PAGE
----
Mean (95% CI) hospitalization cost according to the length of stay, the healthcare-associated infections, and the invasive mechanical ventilation stratified by sex and death in COVID-19 patients.


Previously, the main clinical characteristics determining the costs of hospitalization for COVID-19 were age, the number of comorbidities, the number of days of hospital stay, and the presence of mechanical ventilation.4,5,8 In this study, the associated factors to higher cost were the length of stay, the healthcare-associated infections, and the invasive mechanical ventilation in all patients. However, specific determinants depended on sex and mortality.

The length of stay significantly impacted adjusted average costs ($8,988–$40,854) over any other clinical characteristic. A study in China described that one additional day of hospitalization increased hospital costs by 4.5%.4 However, the stay in the intensive care unit was the factor that most increased hospitalization costs. In our study population, the median (p25–p75) of LoS was 16 (10–26) without considering any stratification, similar to studies where severe and critical patients were included.4,5

In our population, 63.5% of the patients required invasive mechanical ventilation, which indicates the severity of the patients attended worsened due to altitude-related hypoxemia. The median costs of ventilated patients ranged from $16,121 to $21,089, while other studies have reported costs ranging from $9268 to $25,068.2,4,5 This difference may be because the studies have included public and private hospitals. On the other hand, the impact of nosocomial infections as a determinant of hospitalization costs has not been evaluated to date. Healthcare-associated infections increased costs in the range of $1858–$3810; these patients had stays two to four times longer than those without infection.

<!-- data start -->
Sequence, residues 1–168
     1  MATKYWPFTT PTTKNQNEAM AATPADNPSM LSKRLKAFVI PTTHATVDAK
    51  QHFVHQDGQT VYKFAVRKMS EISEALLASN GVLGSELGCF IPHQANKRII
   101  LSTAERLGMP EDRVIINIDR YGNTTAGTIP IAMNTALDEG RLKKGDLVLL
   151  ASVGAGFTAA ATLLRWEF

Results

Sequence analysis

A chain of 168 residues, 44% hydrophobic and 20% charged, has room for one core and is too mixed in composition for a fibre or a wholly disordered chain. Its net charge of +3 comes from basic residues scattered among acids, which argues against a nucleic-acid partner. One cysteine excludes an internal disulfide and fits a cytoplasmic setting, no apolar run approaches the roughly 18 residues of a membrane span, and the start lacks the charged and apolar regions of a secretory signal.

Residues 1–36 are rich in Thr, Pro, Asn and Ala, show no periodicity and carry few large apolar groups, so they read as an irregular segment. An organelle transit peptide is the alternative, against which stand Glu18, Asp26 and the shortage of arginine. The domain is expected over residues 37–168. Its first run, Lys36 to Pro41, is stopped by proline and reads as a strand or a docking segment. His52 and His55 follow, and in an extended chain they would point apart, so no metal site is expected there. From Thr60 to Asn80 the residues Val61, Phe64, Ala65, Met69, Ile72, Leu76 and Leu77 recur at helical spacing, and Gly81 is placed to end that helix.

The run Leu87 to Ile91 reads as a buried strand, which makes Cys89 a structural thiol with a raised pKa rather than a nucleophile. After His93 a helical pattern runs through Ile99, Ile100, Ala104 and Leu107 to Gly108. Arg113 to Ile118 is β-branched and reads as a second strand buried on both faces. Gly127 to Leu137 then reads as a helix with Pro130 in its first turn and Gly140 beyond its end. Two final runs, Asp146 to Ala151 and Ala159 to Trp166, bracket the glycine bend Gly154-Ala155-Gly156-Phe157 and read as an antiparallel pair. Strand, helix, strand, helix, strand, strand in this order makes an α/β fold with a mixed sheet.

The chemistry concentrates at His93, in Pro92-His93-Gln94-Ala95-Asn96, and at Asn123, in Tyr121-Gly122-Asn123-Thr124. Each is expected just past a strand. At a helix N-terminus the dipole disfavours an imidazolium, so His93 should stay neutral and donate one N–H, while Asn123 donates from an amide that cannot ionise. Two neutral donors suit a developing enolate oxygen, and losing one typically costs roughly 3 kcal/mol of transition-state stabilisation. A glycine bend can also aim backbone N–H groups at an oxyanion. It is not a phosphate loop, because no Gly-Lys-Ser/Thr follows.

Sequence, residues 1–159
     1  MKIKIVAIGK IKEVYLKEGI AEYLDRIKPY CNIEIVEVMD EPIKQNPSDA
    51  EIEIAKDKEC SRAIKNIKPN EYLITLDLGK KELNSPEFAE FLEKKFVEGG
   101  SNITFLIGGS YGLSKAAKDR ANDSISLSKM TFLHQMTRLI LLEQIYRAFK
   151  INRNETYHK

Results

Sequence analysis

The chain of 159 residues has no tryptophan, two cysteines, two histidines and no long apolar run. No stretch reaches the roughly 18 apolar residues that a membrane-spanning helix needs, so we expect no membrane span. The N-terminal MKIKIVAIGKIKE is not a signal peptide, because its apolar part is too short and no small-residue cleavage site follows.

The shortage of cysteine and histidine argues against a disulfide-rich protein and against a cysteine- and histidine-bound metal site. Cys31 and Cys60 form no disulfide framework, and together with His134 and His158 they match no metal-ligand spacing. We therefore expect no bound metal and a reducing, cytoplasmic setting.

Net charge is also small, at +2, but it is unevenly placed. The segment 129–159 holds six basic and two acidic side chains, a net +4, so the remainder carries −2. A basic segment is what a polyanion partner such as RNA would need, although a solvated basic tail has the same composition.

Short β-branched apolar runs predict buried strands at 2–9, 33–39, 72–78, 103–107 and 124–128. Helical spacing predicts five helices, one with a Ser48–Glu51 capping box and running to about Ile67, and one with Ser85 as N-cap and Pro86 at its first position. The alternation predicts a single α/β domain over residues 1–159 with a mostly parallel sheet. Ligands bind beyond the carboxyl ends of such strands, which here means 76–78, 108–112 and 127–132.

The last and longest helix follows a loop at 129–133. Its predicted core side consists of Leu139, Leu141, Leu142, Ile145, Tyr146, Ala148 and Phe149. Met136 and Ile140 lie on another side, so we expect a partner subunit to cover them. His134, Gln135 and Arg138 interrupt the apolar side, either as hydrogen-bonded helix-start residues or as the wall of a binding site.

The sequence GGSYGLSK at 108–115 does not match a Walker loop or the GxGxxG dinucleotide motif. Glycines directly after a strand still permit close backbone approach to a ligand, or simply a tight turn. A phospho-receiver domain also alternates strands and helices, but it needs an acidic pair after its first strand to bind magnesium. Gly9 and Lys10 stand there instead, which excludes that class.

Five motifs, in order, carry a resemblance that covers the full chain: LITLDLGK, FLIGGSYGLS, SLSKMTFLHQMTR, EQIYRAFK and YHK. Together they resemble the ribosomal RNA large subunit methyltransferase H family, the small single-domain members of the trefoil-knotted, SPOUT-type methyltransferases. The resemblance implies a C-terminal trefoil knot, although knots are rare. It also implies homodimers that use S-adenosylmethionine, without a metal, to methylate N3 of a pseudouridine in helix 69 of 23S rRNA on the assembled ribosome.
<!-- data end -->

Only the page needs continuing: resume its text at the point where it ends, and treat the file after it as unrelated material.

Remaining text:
This study has the following limitations: first, the patients were recruited in only one public tertiary care center from Mexico City. Second, in our analysis, indirect costs were not considered. Third, we should have included the cost of the emergency equipment acquired as preparation for the pandemic used during the hospital conversion, which may lead to an underestimation of costs. Nevertheless, our results may shed more specific light on the factors determining the costs of hospitalization of patients hospitalized for SARS-CoV-2.

In conclusion, the length of stay, healthcare-associated infections, and invasive mechanical ventilation could increase hospitalization costs for COVID-19 patients.


None declared.

Conflicts of Interest

None declared.

Appendix A
Supplementary Data

The following are the supplementary data to this article: